President Obama’s Sunday night speech was, in part, responding to a growing chorus nationwide wanting to know that the government is doing all it can to protect the country from terrorists. As the president noted, much of this talk conflates terrorism with the religion of Islam.
The events last month in Paris, and last week in California, have heightened those concerns, but nowhere does the anti-Islam rhetoric ring louder than in North Texas.
Indeed, one of the most influential voices in Texas, Robert Jeffress, pastor of First Baptist Dallas, spoke to his congregation after the Paris attacks with an anti-Muslim tone.
“I believe that it is time for us to lay aside political correctness and identify the belief system that is responsible for these horrific acts – and that is the evil evil religion of radical Islam,” Jeffress said. “That is the belief system that inspired this tragedy. Make no mistake about it Islam is not another way to approach God. Islam is a false religion, and it is inspired by Satan himself.”
NPR’s Southwest correspondent John Burnett says Jeffress is just one example of what appears to be a bigger phenomenon in North Texas.
“There have been anti-Islamic incidents all over the country after the Paris attacks: Virginia, Pennsylvania, Kentucky and California,” Burnett says. “But there’s really been quite a cluster of them around the Dallas-Fort Worth metroplex.”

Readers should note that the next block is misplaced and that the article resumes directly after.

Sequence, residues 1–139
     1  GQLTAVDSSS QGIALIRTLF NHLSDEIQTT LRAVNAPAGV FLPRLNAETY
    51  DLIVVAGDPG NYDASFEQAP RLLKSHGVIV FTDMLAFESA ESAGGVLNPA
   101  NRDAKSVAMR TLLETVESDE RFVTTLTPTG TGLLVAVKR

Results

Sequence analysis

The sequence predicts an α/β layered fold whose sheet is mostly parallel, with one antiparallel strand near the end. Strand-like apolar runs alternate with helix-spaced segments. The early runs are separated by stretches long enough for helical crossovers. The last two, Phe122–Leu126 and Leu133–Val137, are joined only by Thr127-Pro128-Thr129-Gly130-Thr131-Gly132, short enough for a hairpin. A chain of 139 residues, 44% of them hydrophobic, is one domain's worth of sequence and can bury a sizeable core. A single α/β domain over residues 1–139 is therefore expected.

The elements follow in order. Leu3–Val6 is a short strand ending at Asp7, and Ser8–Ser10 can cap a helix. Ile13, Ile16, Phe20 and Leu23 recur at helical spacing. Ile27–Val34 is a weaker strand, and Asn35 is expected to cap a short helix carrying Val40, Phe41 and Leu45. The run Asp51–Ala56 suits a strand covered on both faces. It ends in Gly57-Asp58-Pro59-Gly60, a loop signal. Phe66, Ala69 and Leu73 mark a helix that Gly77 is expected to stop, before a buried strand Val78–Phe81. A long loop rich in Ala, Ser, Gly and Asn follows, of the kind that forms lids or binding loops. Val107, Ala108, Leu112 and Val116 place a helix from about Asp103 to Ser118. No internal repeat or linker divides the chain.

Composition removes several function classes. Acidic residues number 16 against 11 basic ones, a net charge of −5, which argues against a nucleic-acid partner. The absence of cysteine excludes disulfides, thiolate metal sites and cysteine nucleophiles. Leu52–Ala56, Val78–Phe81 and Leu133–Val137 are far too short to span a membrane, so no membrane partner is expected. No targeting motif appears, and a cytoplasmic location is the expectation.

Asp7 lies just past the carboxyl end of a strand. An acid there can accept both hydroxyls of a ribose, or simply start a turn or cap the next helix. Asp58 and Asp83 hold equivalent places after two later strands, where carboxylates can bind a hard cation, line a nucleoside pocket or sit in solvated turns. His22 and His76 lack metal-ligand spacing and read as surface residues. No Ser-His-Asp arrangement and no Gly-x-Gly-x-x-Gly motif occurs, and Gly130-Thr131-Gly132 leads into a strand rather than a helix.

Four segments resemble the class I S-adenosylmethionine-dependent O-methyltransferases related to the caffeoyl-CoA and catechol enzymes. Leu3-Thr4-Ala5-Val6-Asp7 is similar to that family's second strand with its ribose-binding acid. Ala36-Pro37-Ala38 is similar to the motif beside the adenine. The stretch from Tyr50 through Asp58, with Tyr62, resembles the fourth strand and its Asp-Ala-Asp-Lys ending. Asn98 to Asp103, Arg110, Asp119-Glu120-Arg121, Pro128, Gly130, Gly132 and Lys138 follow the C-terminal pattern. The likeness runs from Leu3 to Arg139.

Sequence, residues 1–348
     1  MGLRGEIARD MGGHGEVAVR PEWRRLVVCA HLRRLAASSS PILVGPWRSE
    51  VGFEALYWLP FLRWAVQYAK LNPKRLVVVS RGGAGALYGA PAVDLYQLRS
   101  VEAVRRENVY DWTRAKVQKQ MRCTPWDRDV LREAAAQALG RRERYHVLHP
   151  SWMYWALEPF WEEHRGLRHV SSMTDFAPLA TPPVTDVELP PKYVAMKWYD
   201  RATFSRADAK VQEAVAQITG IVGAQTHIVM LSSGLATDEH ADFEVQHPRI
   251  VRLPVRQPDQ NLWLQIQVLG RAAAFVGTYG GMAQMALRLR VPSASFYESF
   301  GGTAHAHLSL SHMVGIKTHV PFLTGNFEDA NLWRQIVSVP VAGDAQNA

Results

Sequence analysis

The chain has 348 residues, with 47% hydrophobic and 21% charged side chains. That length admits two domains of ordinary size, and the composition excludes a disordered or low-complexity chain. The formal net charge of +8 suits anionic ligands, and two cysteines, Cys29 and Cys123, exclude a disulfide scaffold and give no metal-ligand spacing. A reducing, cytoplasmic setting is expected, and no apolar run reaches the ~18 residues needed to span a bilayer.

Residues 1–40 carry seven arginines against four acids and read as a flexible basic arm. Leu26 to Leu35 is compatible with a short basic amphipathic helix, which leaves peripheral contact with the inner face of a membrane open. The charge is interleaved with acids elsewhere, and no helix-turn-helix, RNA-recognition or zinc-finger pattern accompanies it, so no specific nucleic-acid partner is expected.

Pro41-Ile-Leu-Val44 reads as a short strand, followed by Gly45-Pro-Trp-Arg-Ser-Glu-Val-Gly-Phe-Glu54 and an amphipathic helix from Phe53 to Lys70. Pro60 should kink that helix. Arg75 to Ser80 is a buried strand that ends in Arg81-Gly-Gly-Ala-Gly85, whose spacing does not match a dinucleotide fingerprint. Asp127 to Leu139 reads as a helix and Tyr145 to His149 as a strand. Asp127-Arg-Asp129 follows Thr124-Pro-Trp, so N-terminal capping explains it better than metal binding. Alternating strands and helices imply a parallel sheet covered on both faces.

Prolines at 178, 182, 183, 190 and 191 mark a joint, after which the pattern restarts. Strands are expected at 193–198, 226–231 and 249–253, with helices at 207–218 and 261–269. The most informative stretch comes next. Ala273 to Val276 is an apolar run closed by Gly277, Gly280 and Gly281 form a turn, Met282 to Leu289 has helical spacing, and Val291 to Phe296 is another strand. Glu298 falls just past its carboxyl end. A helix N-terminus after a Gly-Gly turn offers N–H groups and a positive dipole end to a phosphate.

To name a few, there were two armed protests at mosques: one in Richardson and one in Irving. There was a “Draw the Prophet” contest in Garland that attracted two terrorists from Arizona who were shot by Garland police and killed. A controversial city council resolution, also in Irving, ruled in favor of a state law that wouldn’t forbid judges from basing their rulings on foreign law, drawing on fears that the city’s mosque would somehow enforce sharia law.
“This drew a lot of heat to Irving,” Burnett says. “The mayor said they were just being pro-American, they weren’t trying to be anti-Islamic.”
But why the focus around North Texas? Burnett says it’s hard to say why. For one, the large Mosque in Irving has as many as 2,500 worshippers on Friday prayers and Burnett says that makes it an easy target for anti-Islamic protests. Then there’s the political climate of the area itself. For example, the speech Jeffress gave at his church was met with a standing ovation.
Burnett says these anti-Muslim incidents are part of a larger trend, according to Alia Salem, the director of the Council on American-Islamic Relations (CAIR).
“She said that 2015 has been a banner year for hatred in DFW,” he says. “I think that sometimes these things create a climate in which people feel a license to do things. To express their frustration and their rage against who they believe are terrorists.”
There’s another armed protest scheduled outside of the Irving Mosque for Dec. 12, but Burnett says CAIR is also going to attend and support peoples’ right to their religion. But Burnett says a white supremacist group, the Texas Rebel Knights, has said they’re also going to show up.
“It seems like it’s getting worse,” Burnett says.